She said the Victorian model was a “key influencer” in the development of intervention services under the National Disability Insurance Scheme. “Victorian early childhood intervention policy and the service providers who implement it are seen as the national leaders of best practice,” she said. Colleen Argent’s four-year-old daughter, Ella, has used the EPIC early childhood intervention services for almost two years, after a year on the waiting list. Ms Argent, of Epping, said it was important the services be local. “It needs to be convenient,” she said. “Ella’s carer is only a short drive from her kindergarten and our home.” \ BRIDGET FITZGERALD
carnival pins generosity on a program with bite
writing workshop The Victorian Immigrant and Refugee Women’s Coalition is running a six-week workshop starting this Thursday. Titled ‘Positive voices: write to know yourself’, the workshop is for women aged 18-plus who want to use reflective and expressive writing to enhance emotional and physical wellbeing. Workshops will be held from 6-7.30pm at Craigieburn library on October 10, 17, 24 and 31 and November 7 and 14. Details: Safa Almarhoun on 9654 1243, or email: firstname.lastname@example.org \ circus ball Also on Thursday, at 7pm, La Trobe University’s public health students association and Eastern Health will host a circus-themed charity ball to raise funds for a patient well-being program. Tickets are $85 and can be bought online at phsa.iwannaticket.com.au or email email@example.com. \ craigieburn opening Craigieburn’s new town centre will open a month ahead of schedule, on October 31. Centre manager Philippa Holmes said while the grand opening party was still on schedule for the original date next month, the new 50,000-squaremetre shopping centre would roll out a range of activities and family fun when trade starts, with many shops offering opening-month giveaways pending a big three-day bonanza from November 29 until December 1. Details: www.facebook.com/ craigieburncentral \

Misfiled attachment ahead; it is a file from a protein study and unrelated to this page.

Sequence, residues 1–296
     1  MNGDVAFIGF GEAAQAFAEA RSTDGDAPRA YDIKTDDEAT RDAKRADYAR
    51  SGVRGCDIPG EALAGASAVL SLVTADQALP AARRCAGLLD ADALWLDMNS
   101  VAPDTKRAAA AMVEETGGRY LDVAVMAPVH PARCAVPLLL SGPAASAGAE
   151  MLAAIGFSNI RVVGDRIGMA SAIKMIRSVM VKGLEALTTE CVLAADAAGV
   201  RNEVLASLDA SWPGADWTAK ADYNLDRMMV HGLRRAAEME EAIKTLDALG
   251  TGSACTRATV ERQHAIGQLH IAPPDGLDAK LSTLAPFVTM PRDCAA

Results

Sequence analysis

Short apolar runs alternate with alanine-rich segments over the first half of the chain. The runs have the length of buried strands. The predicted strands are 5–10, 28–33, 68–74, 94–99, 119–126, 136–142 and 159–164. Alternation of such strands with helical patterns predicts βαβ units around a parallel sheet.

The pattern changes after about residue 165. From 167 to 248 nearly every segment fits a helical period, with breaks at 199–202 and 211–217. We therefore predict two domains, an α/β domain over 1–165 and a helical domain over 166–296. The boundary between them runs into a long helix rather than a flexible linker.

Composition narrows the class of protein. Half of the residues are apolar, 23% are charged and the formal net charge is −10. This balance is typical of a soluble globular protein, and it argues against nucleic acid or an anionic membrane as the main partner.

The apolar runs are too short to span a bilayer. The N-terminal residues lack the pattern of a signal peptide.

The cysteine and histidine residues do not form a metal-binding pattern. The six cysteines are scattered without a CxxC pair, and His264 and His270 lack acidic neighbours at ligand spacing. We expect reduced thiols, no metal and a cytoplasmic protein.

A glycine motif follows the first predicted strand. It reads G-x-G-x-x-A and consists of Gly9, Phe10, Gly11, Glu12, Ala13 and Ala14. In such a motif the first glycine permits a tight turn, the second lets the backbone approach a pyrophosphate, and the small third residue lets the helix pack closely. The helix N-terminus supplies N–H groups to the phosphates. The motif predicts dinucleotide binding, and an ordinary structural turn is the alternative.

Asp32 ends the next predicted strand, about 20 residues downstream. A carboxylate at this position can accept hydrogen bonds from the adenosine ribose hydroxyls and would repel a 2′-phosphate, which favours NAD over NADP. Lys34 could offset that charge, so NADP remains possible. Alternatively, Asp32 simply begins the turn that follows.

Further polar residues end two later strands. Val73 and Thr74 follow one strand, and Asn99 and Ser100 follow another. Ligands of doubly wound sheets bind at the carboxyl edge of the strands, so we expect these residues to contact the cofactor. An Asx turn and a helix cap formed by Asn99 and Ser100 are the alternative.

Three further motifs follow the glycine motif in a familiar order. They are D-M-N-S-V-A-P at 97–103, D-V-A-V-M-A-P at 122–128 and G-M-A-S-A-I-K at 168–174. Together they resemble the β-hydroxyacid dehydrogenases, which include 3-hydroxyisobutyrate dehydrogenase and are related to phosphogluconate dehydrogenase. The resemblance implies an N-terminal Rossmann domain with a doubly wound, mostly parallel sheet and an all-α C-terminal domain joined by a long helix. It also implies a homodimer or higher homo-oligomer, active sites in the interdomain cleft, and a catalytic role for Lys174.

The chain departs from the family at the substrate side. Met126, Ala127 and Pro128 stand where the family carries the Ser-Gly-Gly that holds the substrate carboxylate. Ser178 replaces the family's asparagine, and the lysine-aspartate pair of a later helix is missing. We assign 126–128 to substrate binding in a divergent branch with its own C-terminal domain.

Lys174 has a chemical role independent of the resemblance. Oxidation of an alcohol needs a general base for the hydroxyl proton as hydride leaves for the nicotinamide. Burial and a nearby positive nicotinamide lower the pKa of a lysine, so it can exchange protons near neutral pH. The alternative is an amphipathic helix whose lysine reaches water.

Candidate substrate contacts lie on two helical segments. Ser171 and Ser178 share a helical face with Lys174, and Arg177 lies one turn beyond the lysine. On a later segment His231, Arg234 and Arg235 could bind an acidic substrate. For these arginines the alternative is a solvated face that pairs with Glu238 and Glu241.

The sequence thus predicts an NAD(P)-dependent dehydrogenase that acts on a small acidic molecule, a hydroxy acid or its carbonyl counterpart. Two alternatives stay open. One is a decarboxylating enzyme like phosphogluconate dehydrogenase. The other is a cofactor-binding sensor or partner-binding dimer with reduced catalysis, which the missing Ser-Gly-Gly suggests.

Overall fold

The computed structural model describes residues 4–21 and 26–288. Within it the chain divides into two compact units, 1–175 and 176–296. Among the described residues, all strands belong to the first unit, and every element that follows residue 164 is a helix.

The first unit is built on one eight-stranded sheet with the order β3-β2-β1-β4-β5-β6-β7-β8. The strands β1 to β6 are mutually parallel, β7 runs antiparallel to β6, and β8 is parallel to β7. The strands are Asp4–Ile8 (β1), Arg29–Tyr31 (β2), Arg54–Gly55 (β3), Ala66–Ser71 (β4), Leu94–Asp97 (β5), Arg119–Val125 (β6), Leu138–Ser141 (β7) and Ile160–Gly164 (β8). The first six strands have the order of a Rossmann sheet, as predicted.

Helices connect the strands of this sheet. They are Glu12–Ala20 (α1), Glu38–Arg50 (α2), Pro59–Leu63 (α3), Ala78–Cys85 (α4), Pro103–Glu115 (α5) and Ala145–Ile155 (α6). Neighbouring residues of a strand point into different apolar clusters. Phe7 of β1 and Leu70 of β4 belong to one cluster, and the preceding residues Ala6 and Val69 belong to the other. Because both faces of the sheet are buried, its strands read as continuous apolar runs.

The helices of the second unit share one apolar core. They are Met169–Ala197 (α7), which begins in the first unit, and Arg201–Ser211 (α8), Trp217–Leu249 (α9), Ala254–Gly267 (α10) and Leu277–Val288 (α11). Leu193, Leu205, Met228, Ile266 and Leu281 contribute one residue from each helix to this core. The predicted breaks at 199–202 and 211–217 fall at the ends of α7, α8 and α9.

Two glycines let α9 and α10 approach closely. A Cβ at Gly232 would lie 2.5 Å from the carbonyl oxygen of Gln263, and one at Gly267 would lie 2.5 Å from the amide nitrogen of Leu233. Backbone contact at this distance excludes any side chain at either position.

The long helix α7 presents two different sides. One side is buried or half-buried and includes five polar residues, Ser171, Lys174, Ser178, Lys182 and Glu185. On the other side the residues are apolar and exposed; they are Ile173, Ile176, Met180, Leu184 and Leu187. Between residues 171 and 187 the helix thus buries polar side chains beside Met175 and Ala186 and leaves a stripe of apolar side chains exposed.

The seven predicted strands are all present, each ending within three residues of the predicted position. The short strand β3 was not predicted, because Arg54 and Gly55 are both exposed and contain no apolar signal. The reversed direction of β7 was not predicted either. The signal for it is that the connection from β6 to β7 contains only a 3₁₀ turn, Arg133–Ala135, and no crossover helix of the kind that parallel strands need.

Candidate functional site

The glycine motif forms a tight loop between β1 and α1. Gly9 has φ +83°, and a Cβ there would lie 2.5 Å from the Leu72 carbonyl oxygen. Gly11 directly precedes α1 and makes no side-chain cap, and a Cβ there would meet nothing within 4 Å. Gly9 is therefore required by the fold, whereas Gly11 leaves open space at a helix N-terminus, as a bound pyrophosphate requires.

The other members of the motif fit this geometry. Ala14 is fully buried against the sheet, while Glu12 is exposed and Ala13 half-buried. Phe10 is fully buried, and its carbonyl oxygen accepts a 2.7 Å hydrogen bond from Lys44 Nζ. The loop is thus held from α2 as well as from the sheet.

melbourne cup charity
Racing season brings Melbourne foodies and fashionistas trackside, but for those on the other side of the tracks such luxury is rare. Community food program SecondBite wants Melbourne punters to give a sporting chance to neighbours struggling to put food on their plates, with the group chosen as this year’s charity partner by the Victoria Racing Club for its 153rd Melbourne Cup Carnival. The money from the sale of the 2013 Pin & Win commemorative pins, including a diamonte version, will go towards the program’s target of raising $250,000 to deliver an extra 625,000 healthy meals to people who would otherwise go hungry. SecondBite started in 2005 in Kensington with volunteers distributing food products that were otherwise going to be dumped. Mickleham volunteer Lisa Ali can usually be found at Preston market at 3pm on any given Saturday. That’s the closing and clean-up time for marketeers and prime time for SecondBite to move in and help sort leftovers. Ms Ali will be among a squad
Helping hand: Lisa Ali with Alex Zahariou and Aurora Binci. (HELEN GRIMAUX)